Even with COVID vaccines and boosters widely available, it’s still nerve-wracking when you’re hit with a symptom associated with the virus—especially now that the Eris variant is making itself known. Any hint of a fever, cough or fatigue can cause feelings of dread and worry to creep in. When it comes to COVID, it’s important to remember that symptoms can vary from person to person; some people don’t experience any symptoms at all.
For people with COVID who do experience symptoms, a sore throat is not uncommon. In fact, it’s one of the top five most prevalent COVID symptoms. But there are plenty of other illnesses that can cause a sore throat too, including other viral infections, the flu, tonsillitis and seasonal allergies. How do you know for sure if your sore throat is COVID-related? Here, doctors share what a COVID sore throat feels like and how it differs from other types of sore throats.
How Can COVID Cause a Sore Throat?
Family physician and author of Up The Down Escalator: A Doctor Navigates Disease and Disorder, Dr. Lisa Doggett, MD, MPH, explains that the COVID virus infects cells in the nasal pockets and the throat. This causes the cells to get inflamed and swell, which results in a sore throat.
“The exact [way] COVID-19 causes a sore throat is not fully understood, but it is thought to be related to the virus’s ability to bind to ACE2 receptors in the throat and upper respiratory tract,” says Dr. Sunjya Schweig, MD, the Founder and Director of the California Center for Functional Medicine and the Founder and Executive Director of The Functional Medicine Research and Technology Center.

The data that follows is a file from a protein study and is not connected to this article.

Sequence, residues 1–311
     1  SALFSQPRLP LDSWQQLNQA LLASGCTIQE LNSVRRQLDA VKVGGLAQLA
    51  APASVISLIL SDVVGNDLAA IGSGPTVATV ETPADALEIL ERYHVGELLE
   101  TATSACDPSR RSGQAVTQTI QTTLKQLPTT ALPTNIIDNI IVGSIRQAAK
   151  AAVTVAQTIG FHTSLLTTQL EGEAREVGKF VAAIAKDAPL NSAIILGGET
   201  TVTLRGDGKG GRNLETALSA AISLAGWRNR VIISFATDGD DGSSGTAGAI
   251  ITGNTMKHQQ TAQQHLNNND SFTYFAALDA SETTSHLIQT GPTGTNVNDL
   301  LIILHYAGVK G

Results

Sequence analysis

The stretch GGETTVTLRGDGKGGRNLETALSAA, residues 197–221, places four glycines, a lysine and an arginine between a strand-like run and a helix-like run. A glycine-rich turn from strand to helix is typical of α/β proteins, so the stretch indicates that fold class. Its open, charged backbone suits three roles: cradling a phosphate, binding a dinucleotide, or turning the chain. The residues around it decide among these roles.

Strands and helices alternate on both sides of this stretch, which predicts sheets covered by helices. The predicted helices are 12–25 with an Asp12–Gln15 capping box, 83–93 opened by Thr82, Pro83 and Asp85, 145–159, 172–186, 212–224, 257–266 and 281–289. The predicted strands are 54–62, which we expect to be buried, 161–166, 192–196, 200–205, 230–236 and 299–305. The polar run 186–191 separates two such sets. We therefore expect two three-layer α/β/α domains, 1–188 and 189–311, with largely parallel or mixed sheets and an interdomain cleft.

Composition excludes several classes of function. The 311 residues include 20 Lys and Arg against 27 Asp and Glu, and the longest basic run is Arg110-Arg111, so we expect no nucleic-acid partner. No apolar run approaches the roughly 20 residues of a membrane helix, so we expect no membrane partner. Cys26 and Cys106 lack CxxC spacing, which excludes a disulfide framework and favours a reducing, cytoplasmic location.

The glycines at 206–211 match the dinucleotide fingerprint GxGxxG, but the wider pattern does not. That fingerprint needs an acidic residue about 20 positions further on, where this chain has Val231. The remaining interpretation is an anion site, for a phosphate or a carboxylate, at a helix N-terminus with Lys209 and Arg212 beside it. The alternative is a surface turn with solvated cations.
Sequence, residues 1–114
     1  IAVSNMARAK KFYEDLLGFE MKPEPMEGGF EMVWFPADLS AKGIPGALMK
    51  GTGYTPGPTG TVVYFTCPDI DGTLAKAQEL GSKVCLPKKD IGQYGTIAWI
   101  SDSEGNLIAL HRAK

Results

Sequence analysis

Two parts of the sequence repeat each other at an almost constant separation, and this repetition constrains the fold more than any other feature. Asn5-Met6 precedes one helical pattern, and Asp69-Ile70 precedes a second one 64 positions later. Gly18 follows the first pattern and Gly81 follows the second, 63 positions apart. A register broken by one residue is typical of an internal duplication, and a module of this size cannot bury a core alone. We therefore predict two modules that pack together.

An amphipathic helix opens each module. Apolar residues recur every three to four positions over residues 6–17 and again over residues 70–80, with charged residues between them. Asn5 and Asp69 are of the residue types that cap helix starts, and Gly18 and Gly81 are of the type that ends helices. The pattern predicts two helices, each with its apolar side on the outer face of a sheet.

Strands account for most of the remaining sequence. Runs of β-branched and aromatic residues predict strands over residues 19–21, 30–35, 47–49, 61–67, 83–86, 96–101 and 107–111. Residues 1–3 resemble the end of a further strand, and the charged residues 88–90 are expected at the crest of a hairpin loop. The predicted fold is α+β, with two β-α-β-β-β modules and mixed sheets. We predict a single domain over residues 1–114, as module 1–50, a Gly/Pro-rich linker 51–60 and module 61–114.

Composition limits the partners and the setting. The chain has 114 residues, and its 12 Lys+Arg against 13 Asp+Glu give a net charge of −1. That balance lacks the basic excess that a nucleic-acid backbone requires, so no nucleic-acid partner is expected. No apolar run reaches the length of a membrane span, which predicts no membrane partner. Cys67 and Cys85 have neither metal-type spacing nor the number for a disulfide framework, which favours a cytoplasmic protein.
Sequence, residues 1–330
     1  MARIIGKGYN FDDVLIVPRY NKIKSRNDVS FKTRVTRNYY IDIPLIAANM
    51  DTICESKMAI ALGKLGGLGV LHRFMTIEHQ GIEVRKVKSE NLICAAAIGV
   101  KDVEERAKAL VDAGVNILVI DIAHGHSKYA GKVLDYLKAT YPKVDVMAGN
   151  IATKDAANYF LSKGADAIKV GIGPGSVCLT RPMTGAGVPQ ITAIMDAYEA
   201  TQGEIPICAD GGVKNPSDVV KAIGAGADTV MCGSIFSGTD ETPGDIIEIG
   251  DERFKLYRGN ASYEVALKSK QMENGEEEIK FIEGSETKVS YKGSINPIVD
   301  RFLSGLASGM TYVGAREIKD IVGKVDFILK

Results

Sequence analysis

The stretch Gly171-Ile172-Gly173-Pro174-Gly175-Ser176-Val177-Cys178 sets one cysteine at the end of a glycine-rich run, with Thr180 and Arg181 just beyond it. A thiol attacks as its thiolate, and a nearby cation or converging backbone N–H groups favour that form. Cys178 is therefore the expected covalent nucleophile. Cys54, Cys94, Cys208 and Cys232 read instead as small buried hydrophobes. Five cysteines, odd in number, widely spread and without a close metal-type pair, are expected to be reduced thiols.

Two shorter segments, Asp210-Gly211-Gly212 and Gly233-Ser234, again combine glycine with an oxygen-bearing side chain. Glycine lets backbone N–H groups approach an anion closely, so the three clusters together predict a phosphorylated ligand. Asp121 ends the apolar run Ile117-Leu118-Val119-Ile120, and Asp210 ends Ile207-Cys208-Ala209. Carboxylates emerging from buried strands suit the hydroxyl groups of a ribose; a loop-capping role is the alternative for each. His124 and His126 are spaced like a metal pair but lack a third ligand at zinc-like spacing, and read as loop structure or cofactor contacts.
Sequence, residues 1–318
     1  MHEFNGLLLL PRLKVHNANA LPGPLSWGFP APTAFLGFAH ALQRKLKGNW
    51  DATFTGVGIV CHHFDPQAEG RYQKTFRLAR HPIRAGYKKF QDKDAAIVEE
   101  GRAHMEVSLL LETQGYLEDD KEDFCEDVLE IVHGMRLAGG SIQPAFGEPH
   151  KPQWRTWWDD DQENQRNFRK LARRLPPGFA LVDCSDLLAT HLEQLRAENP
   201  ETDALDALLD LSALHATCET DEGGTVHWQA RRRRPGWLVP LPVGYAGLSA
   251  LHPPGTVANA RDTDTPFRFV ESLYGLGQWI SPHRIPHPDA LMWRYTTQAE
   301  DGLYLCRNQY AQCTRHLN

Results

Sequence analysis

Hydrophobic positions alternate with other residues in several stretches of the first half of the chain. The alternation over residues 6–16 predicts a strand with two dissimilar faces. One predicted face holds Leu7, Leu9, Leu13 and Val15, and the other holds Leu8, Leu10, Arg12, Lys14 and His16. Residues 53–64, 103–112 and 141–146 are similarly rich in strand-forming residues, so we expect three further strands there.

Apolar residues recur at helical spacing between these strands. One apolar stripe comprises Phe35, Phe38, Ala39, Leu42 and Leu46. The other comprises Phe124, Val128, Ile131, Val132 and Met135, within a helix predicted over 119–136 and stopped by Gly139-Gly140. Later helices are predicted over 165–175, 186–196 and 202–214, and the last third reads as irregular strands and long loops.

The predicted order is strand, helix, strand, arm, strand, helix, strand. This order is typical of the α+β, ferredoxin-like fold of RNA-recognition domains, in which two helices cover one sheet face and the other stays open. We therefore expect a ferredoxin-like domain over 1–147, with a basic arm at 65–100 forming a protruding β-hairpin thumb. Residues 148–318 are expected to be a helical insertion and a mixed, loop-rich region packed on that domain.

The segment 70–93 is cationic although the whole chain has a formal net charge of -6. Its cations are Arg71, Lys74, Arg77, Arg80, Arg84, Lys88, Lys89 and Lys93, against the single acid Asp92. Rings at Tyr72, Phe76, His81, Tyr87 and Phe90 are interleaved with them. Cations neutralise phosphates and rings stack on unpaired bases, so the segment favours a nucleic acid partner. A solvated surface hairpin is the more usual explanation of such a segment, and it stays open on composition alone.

He explains that ACE2 receptors are found in the cells in the respiratory tract. “When the virus binds to these receptors, it can cause inflammation and irritation in the throat, leading to symptoms such as a sore throat,” he says.
Another reason why COVID can cause a sore throat, Dr. Schweig says, is because the immune system is weakened. This can lead to a sore throat as well as other COVID symptoms such as a fever, chills, fatigue and body aches.
What Does a COVID Sore Throat Feel Like?
Dr. Doggett says that, typically, a sore throat is one of the earliest signs of COVID. She says it’s also one of the earliest symptoms of other viral infections as well as the common cold. That means if you feel a sore throat coming on, don’t automatically assume that you know what the reason is.
“Unfortunately in many cases, it’s not possible to tell the difference between a sore throat from COVID versus a sore throat from another viral infection,” Dr. Doggett explains. She says that whether your sore throat is due to COVID or another virus, pain can range from moderate to severe and the inside of the throat can look red. “The feelings can range from subtle scratchiness to severe pain. Each person’s experience can be unique even when receiving the same diagnosis,” Dr. Schweig shares.
Though a sore throat typically feels the same regardless of the cause, both experts say that there are some qualities that differentiate it from strep throat—another illness that causes a sore throat. Dr. Doggett explains that with strep throat, there is an appearance of white spots on the throat—something that isn’t seen with a COVID sore throat.